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Report: Protection, intelligence problems led to Afghan base attack

The October 3 assault on Combat Outpost Keating in eastern Afghanistan lasted 12 hours. Eight U.S. troops were killed.
The October 3 assault on Combat Outpost Keating in eastern Afghanistan lasted 12 hours. Eight U.S. troops were killed.
STORY HIGHLIGHTS
  • Lack of protection improvements made combat outpost an "attractive target"
  • Intelligence failures also made the base vulnerable to a strike from militants
  • October 3 attack on Combat Outpost Keating lasted for 12 hours
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Kabul, Afghanistan (CNN) -- An investigation into an attack that killed eight U.S. troops in eastern Afghanistan last year said the combat outpost was an "attractive target" because protection improvements hadn't been made and intelligence assets had been diverted.

These were main points in the findings released Friday by the U.S. military into the probe of the October 3 attack on Combat Outpost Keating in the Kamdesh district of Nuristan province.

The attack killed eight U.S. service members and wounded 22 others.

Based on the recommendations in the investigation, Gen. Stanley A. McChrystal, the top coalition military commander in Afghanistan, "took appropriate action regarding Army personnel involved."

The report also praised soldiers of B Troop, 3rd Squadron, 61st Calvary for repelling the assault by a force of 300 militants.

Commanders must regularly assess "the value and vulnerabilities" of combat outposts, said the report, which "made several recommendations to improve coalition tactics."

The base had been scheduled to be closed before the attack occurred, and "needed force protection improvements (which) were not made" because of the imminent closure.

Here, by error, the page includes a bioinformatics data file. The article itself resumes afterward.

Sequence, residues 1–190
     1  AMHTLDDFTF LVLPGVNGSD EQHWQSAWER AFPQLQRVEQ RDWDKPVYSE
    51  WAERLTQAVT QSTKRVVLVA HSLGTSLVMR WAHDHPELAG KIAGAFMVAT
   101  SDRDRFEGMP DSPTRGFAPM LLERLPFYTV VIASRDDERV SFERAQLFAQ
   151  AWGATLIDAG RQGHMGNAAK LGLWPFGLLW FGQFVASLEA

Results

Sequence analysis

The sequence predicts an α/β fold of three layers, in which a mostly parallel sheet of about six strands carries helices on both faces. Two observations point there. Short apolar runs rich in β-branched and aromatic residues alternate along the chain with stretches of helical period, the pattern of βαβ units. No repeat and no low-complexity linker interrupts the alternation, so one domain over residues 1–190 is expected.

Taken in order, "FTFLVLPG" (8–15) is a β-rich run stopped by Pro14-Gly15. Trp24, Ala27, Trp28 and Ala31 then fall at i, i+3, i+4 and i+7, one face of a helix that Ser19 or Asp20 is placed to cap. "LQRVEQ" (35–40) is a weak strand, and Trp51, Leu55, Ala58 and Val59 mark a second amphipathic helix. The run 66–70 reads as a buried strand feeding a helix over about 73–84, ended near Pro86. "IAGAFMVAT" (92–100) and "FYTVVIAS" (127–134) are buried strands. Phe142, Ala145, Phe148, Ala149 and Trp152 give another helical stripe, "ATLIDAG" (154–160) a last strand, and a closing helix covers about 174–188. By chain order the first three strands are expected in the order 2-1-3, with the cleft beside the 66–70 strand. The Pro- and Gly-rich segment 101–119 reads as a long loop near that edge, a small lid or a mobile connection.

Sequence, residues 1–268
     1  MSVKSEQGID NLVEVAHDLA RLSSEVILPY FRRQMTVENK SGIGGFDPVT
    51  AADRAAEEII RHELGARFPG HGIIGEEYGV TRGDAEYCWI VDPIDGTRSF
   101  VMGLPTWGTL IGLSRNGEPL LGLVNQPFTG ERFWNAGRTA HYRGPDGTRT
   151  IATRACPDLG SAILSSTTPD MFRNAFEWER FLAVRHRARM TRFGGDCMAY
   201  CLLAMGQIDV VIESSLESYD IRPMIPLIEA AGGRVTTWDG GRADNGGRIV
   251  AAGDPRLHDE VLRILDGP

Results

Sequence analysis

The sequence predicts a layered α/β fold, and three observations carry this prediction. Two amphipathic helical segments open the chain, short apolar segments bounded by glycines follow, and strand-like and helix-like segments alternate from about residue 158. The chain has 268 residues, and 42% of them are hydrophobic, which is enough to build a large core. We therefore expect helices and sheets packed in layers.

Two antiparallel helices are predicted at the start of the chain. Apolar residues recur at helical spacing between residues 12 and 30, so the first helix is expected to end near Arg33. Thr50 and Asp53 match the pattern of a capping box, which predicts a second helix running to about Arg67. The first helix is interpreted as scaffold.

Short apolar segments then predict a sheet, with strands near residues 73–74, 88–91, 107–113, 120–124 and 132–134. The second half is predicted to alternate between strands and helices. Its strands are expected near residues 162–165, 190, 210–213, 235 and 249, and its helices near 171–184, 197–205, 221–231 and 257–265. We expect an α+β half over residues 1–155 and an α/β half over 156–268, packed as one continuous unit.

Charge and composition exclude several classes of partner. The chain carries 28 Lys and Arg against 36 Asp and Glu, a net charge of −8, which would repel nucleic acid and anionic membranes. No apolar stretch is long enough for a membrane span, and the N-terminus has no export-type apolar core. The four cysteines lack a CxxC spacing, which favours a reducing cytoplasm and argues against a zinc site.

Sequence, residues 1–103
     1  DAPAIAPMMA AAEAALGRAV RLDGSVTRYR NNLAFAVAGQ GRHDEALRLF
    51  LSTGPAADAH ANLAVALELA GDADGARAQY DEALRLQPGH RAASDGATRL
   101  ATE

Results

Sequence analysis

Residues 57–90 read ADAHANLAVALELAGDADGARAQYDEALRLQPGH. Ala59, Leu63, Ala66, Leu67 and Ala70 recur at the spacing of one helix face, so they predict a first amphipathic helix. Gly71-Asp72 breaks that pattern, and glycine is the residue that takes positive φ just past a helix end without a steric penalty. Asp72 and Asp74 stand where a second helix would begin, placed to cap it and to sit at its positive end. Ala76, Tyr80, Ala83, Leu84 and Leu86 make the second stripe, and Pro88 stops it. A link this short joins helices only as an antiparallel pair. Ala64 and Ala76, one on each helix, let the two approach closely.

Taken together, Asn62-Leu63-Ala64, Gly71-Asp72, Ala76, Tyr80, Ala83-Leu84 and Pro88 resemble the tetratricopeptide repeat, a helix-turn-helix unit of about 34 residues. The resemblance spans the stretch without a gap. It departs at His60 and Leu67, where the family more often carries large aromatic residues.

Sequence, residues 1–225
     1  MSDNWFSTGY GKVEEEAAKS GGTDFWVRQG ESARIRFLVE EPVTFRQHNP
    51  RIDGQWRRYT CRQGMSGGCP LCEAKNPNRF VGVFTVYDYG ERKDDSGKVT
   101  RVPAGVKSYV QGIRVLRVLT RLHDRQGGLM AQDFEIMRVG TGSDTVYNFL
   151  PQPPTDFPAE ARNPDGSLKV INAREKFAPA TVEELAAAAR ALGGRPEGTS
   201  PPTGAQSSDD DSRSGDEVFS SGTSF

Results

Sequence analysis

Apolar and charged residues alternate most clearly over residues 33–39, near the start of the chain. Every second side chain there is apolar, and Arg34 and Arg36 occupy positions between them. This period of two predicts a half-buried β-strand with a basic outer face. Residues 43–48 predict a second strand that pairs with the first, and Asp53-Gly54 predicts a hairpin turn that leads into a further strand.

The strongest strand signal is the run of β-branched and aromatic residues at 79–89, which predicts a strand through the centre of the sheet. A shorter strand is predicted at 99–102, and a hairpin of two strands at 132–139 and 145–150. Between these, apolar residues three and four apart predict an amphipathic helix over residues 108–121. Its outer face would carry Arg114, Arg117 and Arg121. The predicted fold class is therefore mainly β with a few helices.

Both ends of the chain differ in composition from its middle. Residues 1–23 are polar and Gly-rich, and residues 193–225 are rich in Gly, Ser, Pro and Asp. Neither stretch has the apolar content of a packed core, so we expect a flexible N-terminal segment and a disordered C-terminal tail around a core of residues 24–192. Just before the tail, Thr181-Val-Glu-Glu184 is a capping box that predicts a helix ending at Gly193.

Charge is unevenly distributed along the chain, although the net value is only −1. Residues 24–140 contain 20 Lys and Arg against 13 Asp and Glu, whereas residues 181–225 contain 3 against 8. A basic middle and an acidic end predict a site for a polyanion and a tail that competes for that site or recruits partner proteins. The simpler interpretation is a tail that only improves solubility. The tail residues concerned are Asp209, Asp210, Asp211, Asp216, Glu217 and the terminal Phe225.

"Critical intelligence, surveillance and reconnaissance assets which had been supporting COP Keating had been diverted to assist ongoing intense combat operations in other areas," the report said. It also said "intelligence assessments had become desensitized to reports of massing enemy formations by previous reports that had proved false."

All of these factors "resulted in an attractive target for enemy fighters."

The military says militants had been planning the attack for days, hiding mortars, rockets and heavy machine guns in the mountains.

The assault started around dawn as bullets and rockets peppered the remote outpost October 3 and lasted for 12 hours, pinning down the exhausted troops.

One soldier said afterward the insurgency was so fierce that the troops couldn't get to their weapons to fire back. They called in air support to help thwart the militants.

"They were under heavy enemy contact," Sgt. Jayson Souter said.

Four servicemen -- Souter, a fellow soldier, an Apache helicopter pilot and a gunner -- talked to a military reporter about their roles during the Keating attack in an interview posted by the Department of Defense on Facebook and NATO's International Security Assistance Force YouTube Channel.

Chief Warrant Officer Ross Lewallen, an Apache pilot, said a few aircraft were damaged in what was a "time-consuming endeavor" governed by tough terrain. He said the morning battle was "significant," but later troops were able to identify targets and eliminate larger weapons.

"One of the primary reasons for the fight taking so long is that it is an extreme terrain," he said in the interview.

The report said the troops killed 150 enemy fighters and "found that the soldiers and junior leaders fought heroically in repelling an enemy force five times their size.

"Members of B Troop upheld the highest standards of warrior ethics and professionalism and distinguished themselves with conspicuous gallantry, courage, and bravery under the heavy enemy fire that surrounded them."